Daily News Archive
Pesticide Resistant Gene
(from October 8, 2002)
Scientists from the University of Melbourne in Australia have raised concerns following their discovery of a single gene that gives vinegar flies resistance to a wide range of pesticides. The scientists are worried as this single mutation unexpectedly provides the fly (Drosophila sp) with resistance to a range of commonly available, but chemically unrelated, pesticides. Significant also, is this species is rarely targeted with pesticides and many of the chemicals it is resistant to, it has never been exposed to before.
Researchers at the University of Melbourne and the Centre for Environmental Stress and Adaptation Research (CESAR) that made the discovery believe the mutation arose in Drosophila soon after the introduction of DDT and has since spread throughout the world. The gene has also persisted rather than, as expected, disappearing as the use of DDT around the world declined.
The Drosophila resistance gene, named Cyp6g1, is part of a large family of genes called the Cytochrome P450 genes that are found in many species, including humans. Previous studies have implicated some members of this P450 family in pesticide resistance. However, the function of the majority of the 90 Drosophila P450 genes is unknown. CESAR is now analyzing these genes to determine their function in Drosophila and in the pest insects, the cotton bollworm (Helicoverpa armigera) and the sheep blowfly responsible for flystrike (Lucilia cuprina).
In the Drosophila,
Cyp6g1 confers resistance by producing up to 100 times more than the
normal level of protein that breaks down DDT and other pesticides. Given
the number of P450 genes present in Drosophila, it was unexpected that
a single version of one gene could be associated with such widespread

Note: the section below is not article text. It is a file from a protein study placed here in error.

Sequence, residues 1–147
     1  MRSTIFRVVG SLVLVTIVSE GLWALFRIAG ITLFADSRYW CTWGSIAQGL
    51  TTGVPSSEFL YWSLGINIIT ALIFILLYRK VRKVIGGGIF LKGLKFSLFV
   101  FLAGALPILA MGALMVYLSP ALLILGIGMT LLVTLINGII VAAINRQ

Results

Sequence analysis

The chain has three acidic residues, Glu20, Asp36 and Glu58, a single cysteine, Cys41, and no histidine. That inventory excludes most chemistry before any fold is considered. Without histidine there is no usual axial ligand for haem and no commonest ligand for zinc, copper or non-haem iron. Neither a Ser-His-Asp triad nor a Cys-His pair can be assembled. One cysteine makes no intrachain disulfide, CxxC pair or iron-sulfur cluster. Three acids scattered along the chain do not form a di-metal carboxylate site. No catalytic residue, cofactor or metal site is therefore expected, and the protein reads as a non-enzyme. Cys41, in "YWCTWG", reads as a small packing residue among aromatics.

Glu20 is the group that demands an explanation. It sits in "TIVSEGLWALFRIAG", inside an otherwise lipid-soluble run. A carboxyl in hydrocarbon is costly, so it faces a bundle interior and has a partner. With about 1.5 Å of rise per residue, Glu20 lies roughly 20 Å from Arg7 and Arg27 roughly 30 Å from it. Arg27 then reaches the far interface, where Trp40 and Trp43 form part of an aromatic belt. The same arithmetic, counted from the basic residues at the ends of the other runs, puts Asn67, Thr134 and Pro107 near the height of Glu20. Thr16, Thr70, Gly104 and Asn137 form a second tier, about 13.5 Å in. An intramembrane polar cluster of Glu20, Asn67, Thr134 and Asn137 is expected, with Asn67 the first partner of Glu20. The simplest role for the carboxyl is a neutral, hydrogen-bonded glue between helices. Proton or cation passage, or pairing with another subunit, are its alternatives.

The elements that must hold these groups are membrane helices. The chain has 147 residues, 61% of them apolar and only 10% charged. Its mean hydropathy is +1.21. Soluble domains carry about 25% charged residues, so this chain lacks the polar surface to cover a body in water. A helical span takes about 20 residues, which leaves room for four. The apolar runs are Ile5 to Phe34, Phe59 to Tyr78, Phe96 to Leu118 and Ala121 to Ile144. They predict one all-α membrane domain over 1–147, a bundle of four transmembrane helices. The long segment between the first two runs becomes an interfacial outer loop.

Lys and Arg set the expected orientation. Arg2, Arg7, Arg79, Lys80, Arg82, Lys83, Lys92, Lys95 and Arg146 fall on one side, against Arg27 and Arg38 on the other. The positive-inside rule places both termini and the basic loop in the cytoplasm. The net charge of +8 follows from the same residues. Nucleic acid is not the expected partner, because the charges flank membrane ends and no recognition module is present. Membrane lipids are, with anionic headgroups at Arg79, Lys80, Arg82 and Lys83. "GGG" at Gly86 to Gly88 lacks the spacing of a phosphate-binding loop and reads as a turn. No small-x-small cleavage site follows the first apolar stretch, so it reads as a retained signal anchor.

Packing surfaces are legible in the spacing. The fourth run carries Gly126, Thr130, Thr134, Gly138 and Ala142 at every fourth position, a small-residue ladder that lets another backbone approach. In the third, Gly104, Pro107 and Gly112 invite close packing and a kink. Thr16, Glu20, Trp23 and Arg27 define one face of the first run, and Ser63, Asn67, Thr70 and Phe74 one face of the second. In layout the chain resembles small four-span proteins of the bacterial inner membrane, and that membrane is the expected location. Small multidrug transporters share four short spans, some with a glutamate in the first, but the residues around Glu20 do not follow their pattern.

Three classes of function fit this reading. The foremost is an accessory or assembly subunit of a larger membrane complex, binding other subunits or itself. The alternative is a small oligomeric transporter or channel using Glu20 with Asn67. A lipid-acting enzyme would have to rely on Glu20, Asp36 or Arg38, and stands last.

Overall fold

that this resistance also applied to a wide range of compounds that bear no resemblance to each other in structure or mode of function. These compounds include organochlorines, organophosphorous, carbamate and insect growth regulator insecticides.
"Our research, so far, does not unequivocally demonstrate that Cyp6g1 is the sole culprit for this resistance, but the current evidence leaves little doubt that about its central role," says University of Melbourne geneticist, Dr Phil Batterham, and Program Leader for the Chemical Stress Program within CESAR, a special research centre that includes researchers from the Universities of Melbourne, La Trobe and Monash.
Species will normally
lose mutations that protected it against a particular pesticide once
that pesticide ceases to be used. This is because, in the absence of
the pesticide, the mutation suddenly confers a disadvantage. In this
case, the Drosophila has maintained the resistance gene and is still 'fit'. That is, the mutation does not confer any disadvantage, so it persists in the population.
"This highlights more than ever that what we do today to control pests could irreversibly change the gene pool of that species," says Batterham. "Researchers investigating pesticide resistance sometimes fails to take sufficient notice of research into Drosophila. It maybe a model genetic organism, but it is still an insect and things that happen to Drosophila happen to other insects," he warns. "This research showed how easy it is for a single mutation to have such a diverse impact. A similar mutation in a pest species could have devastating consequences," he says.
The research is published in the latest edition of the journal Science. (Daborn, P.J., et al. "A Single P450 Allele Associated with Insecticide Resistance in Drosophila." Science 297(5590): 2253-2256.)
For more information contact, Dr Phil Batterham, University of Melbourne Department of Genetics at [email protected].